Want to know more?

A summary is available from HM Treasury discussing the changes to these rules. You can find it at www.hm-treasury.gov.uk.

Any links to websites, other than those belonging to Heng An Standard Life (Asia) Limited (“HASL”), are provided for general information purposes only. We accept no responsibility for the content of these websites, nor do we guarantee their availability.

Information provided in this briefing does not constitute any form of advice and HASL is not responsible for any advice given on the basis of this briefing. Any reference to legislation and tax is based on HASL 's understanding of law and tax practice in Hong Kong and the UK at September 2012. These will be subject to change in the future. Tax rates and reliefs may be altered. The value of tax reliefs to the investor depends on their financial circumstances. No guarantees are given regarding the effectiveness of any arrangements entered into on the basis of these comments nor is HASL responsible for the completion of any tax returns on the basis of this briefing. We recommend that investors seek advice from professional advisers regarding their own personal circumstances.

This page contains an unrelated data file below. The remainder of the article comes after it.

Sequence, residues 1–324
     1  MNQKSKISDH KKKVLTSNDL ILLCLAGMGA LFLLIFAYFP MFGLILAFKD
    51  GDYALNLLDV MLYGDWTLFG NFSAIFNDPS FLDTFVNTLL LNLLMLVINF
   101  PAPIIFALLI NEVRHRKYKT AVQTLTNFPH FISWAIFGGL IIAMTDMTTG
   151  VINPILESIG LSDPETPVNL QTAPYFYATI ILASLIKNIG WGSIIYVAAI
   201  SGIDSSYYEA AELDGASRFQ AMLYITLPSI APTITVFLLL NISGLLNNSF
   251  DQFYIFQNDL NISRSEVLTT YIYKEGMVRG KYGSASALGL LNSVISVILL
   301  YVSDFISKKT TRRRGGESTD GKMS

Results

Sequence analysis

Find out more

Disclaimer: The above information is for reference only and should not be construed as legal, tax or investment advice. You should seek professional advice regarding your tax circumstances and the types of savings and/ or investment that are suitable for you. Investing in investment-linked assurance scheme involves investment risks. Past performance is not indicative of future performance.